Everybody’s very frightened and nervous about what’s around the corner

Watson reckons that the current rises in energy bills will embolden developers, and outlines what he calls the ‘Trojan Horse Method’: ‘When they buy up a pub, first they’ll turn the upstairs into flats, then they’ll build on the beer garden, then they’ll put the rent up on the pub itself so that no one will want to run it. Then they’ll go to the council and say, “Can we turn this final piece of the premises into another flat, because it’s clearly not viable as a pub?” I’ve seen council planners fall for that trick time and time again.’

Another existential threat to local pubs comes from their not-so-friendly neighbours, especially in rapidly gentrifying areas. Islington pub The Compton Arms was recently put under threat by a licensing review after noise complaints. Its landlord was reluctant to speak out. But Watson has short shrift. ‘I have very little sympathy with people who complain,’ says Watson. ‘They’re normally fairly affluent middle-class people who move into the area with a strange sense of entitlement to peace and quiet. It’s not as though they woke up one morning and suddenly someone’s built a pub. A lot of Victorian street-corner pubs have been there since the 1860s.’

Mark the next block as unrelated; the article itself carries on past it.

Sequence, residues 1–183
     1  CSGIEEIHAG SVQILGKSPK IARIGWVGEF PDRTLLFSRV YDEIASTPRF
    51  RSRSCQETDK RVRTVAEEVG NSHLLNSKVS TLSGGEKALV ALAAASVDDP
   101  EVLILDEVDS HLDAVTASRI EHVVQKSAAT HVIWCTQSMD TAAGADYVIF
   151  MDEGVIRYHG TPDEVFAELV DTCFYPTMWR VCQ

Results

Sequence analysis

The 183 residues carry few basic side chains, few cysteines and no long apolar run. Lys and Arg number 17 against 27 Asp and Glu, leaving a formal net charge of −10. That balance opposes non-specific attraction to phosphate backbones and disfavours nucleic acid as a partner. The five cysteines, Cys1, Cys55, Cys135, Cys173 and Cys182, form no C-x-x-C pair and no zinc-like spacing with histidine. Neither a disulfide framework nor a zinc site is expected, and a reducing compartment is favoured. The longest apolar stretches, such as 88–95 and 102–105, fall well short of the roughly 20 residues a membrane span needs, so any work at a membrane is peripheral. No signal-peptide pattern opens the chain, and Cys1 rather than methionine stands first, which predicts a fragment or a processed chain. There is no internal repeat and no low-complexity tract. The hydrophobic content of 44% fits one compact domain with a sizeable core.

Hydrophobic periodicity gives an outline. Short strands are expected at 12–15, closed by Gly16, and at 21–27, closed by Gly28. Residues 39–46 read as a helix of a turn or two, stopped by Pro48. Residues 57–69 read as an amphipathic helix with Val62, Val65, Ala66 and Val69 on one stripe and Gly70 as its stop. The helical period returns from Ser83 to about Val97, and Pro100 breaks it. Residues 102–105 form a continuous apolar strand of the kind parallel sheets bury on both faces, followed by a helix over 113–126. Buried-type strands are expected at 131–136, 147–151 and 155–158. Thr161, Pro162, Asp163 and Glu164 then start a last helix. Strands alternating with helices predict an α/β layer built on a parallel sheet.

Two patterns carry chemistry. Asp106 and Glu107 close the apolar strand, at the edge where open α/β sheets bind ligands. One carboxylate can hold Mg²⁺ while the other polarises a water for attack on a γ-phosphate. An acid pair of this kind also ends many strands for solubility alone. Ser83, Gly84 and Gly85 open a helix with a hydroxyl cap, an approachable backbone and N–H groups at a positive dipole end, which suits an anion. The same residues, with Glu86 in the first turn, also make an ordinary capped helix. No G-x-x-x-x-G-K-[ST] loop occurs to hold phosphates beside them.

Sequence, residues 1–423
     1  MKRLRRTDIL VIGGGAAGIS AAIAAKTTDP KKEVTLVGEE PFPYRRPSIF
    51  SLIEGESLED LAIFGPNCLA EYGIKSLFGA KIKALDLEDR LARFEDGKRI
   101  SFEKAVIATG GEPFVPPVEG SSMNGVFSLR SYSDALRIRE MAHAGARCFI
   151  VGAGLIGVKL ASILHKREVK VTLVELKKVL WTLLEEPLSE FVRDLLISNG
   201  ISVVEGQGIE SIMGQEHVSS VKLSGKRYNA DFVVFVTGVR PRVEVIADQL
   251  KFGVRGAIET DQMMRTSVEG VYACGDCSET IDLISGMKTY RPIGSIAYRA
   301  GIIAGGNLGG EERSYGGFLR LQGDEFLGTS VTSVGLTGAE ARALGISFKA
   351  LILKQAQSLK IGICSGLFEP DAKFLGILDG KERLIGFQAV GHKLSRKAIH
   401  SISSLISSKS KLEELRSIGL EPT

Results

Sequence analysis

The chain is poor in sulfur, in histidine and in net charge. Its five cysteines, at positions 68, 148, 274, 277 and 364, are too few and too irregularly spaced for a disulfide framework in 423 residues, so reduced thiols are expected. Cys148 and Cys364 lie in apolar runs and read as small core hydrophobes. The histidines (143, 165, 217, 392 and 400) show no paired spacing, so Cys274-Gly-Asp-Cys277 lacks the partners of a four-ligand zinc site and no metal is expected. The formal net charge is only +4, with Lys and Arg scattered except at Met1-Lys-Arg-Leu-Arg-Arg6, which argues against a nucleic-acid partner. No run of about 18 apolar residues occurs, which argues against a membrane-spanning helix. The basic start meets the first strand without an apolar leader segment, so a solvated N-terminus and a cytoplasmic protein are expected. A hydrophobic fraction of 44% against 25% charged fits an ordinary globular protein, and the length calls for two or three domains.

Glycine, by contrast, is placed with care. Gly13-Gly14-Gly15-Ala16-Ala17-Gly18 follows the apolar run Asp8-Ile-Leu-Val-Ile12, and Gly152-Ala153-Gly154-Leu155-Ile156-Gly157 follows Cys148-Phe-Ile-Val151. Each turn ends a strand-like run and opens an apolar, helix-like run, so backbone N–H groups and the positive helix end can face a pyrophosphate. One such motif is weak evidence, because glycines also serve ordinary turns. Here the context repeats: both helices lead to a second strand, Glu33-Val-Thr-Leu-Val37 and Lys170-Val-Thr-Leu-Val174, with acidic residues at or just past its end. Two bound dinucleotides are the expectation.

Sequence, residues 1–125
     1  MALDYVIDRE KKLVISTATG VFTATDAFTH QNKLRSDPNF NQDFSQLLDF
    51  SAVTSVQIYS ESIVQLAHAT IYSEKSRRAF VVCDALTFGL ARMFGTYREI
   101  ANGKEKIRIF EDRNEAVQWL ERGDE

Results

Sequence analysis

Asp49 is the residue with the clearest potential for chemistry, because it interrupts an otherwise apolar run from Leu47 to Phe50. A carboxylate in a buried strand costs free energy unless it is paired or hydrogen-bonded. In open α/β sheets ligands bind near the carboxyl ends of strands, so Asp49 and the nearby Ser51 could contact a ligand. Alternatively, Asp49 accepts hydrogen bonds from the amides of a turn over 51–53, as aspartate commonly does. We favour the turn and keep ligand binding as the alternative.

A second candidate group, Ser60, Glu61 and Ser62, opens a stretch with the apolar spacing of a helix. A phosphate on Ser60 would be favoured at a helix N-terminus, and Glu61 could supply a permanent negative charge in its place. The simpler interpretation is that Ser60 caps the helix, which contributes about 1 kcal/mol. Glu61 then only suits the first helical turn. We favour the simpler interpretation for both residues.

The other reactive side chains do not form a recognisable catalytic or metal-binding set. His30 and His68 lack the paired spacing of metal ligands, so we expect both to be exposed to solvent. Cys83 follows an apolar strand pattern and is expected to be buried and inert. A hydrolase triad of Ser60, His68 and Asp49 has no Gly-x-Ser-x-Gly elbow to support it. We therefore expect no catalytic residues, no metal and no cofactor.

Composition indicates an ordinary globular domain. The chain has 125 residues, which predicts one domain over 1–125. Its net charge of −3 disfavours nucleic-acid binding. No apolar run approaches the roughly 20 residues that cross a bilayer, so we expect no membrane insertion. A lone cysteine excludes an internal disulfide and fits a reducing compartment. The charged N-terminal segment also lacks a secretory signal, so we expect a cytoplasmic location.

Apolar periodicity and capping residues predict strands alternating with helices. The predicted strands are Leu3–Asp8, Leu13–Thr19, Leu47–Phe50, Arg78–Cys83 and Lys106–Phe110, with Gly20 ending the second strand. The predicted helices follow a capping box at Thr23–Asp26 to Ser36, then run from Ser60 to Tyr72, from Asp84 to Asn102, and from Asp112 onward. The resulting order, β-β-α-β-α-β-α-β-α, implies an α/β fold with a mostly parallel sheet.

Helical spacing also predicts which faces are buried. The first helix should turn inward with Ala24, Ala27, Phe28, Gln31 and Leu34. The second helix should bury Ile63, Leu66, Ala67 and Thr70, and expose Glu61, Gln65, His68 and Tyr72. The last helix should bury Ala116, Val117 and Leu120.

Admittedly, a lot has changed since London pubs’ high Victorian heyday. Lunchtime drinking and afterwork pints were once the norm. Now, today’s more puritanical working culture has meant that for a lot of people, trips to the pub are a weekend treat rather than a daily staple – and that means many pubs are under pressure to stay open later, to maximise takings.

There’s more change on the way, too. More and more Londoners are resistant to the lure of a crisp pint, whether it’s for religious reasons or because they can’t face the thought of a three-day hangover. A 2020 report by the Society of Independent Brewers (Siba) found that 23 percent of 16- to 24-year-olds don’t drink alcohol at all. London’s filling up with booze-free hangout spots like coffee shops, bubble-tea cafés and dessert bars, all vying for the booming dry demographic. Can pubs compete? ‘I’m seeing an increasing number of pubs that have coffee machines, to appeal to a broader range of people,’ says Watson.